What did that previous paragraph tell you? Just that my life is sometimes interesting enough and at other times not quite enough.

Still love this book. I recommend it to anyone who likes big arduous books.

Friday, December 12, 2008

Oates (again)

In honor of Daryl Hall and John Oates' triumphant and bizarre Daily Show appearance last night (go here and go about 7 minutes in), I will post (here for the third time!) my 2003 poem, Oates.


Oates, how did it feel
When the prettiest ladies
Swooned for Daryl, leaving you behind?

Oates, how could you smile
As you stood to the side
And Daryl hit the notes you couldn't find?

All the girls loved Daryl
The black girls said "he's one of us"
The white girls said "he's so fine"
You were the number two
The "and who are you?"
The "do you sing too?"

Everyone loved Daryl
Sara smiled a while for him
You? She thought your name was Jim
You were the other guy
The little brother guy
The short and ugly guy

Oates, why did you stay?
Were you afraid
That no one would listen to only you?

Oates, how did it taste
When Daryl went solo
And no one asked "What's Oates gonna do?"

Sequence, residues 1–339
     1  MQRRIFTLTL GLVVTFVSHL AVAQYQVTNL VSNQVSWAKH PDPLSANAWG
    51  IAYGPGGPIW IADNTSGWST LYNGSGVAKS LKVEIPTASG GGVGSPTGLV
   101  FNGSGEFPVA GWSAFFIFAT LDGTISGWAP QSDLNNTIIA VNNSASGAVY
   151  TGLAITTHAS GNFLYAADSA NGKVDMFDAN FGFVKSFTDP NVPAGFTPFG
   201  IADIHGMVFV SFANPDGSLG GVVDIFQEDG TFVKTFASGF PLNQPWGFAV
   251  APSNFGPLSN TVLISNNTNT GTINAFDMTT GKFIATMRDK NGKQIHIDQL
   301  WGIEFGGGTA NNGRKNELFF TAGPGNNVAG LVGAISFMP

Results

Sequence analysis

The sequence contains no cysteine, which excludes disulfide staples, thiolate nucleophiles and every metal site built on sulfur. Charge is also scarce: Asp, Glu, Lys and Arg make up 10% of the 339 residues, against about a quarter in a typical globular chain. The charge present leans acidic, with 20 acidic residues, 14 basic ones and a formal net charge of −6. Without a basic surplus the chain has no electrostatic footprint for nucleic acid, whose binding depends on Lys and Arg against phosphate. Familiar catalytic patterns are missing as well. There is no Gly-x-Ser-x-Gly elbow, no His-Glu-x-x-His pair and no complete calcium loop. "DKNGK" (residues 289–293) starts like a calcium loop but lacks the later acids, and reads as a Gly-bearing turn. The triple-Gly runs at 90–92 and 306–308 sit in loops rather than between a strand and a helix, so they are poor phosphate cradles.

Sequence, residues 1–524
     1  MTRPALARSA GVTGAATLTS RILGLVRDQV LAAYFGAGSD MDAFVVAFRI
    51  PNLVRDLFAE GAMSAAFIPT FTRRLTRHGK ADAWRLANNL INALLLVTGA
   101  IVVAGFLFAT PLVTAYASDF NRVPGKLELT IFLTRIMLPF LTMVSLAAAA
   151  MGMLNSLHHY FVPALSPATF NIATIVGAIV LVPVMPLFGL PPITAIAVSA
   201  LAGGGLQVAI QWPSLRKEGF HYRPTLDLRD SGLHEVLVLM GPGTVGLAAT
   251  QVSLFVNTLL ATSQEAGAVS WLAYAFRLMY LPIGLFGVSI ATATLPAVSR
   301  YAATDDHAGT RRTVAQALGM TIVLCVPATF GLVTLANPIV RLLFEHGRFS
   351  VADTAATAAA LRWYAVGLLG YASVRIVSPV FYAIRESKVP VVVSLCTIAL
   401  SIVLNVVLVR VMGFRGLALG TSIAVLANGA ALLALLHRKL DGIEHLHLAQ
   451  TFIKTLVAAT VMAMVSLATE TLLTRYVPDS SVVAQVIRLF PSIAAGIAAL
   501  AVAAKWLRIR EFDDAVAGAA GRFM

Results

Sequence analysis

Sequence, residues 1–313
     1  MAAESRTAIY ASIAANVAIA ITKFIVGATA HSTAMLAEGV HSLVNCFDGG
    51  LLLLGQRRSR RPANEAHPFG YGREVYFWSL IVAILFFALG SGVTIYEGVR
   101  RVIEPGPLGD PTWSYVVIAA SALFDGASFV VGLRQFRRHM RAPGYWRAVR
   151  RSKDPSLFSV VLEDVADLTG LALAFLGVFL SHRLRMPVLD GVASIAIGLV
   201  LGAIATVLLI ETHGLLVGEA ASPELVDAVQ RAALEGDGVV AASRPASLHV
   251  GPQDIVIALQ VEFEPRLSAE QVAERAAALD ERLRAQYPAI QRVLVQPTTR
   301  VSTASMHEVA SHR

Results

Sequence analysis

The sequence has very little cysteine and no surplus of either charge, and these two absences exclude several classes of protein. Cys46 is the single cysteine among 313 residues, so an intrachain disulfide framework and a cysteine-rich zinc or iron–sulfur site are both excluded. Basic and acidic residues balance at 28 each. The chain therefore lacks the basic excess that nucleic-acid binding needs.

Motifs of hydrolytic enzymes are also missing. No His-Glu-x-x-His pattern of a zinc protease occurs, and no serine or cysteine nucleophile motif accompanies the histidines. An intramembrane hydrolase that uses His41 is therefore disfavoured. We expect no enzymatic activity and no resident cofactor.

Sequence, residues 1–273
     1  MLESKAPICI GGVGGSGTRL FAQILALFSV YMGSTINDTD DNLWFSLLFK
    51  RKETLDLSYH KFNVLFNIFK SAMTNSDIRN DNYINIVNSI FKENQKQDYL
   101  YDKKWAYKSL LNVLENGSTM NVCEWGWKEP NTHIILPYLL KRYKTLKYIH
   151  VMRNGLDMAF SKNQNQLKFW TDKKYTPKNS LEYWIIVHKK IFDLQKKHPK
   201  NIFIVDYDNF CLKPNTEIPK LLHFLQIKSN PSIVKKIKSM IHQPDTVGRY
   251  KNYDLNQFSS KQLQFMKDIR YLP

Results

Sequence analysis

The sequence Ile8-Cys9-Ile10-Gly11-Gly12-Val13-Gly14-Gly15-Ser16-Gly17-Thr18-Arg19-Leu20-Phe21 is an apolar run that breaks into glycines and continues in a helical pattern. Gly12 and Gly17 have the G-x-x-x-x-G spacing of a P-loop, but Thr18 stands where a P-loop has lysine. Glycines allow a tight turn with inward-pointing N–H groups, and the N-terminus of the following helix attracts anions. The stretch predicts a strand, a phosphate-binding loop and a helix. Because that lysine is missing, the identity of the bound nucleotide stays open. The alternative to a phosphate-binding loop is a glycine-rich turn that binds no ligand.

All the girls loved Daryl
Pretty Daryl, lanky Daryl
The king of Reagan-era R&B
You were the swarthy one
They called you the lesser son
The rumors said five-foot-one

Everyone loved Daryl
When he sang “No can do”
Stevie Wonder said "I now can see"
You were the facial hair
The striped shirts and the stupid stare
The man who wasn't there

Oates, who wrote the songs?
Daryl, that's who
Though he'd sometimes throw you a bone

Oates, did he order you around?
Did he make you fetch
The paper and the cocaine?

Oates, did Daryl call you a monkey?
I heard he called you a monkey
I heard he called you a monkey
Say it isn’t so
Oates, say
It isn’t so

(I'm so sorry)

Sunday, December 07, 2008

Alpha Sunday

There's a new epic poem here. (it's only partly true)

Chores I've completed today:

Copied 47 CDs onto my iTunes.
No, make that 48.
Did six loads of laundry.
Cleaned all my dishes.
Changed the water purifier filter.
Made myself breakfast.
And lunch.
And probably dinner.
Changed the sheets.
Changed the cat litter.
Swept the floor, mopped parts of it.
Wrote epic poem.
Completed Sunday NY Times crossword puzzle.
Watched 1 1/2 football games, Dexter, and Californication.
And 30 Rock twice.
("I want to go to there.")

Thursday, December 04, 2008


Revenge is a funny thing. There is the once-removed revenge of being a sports fan, like in 1983 when the 76ers finally got past the Celtics in the playoffs and a kid in the Philadelphia suburbs (me) pumped his fists (proverbially, most likely) and breathed heavy but silent sighs of relief.

There is the relatively meaningless and playful revenge inherent to jovial games of poker between friends. This happened on Saturday when I avenged my summer tournament series loss to Karen by cruelly knocking her out of the running by coolly flopping a 10-high straight.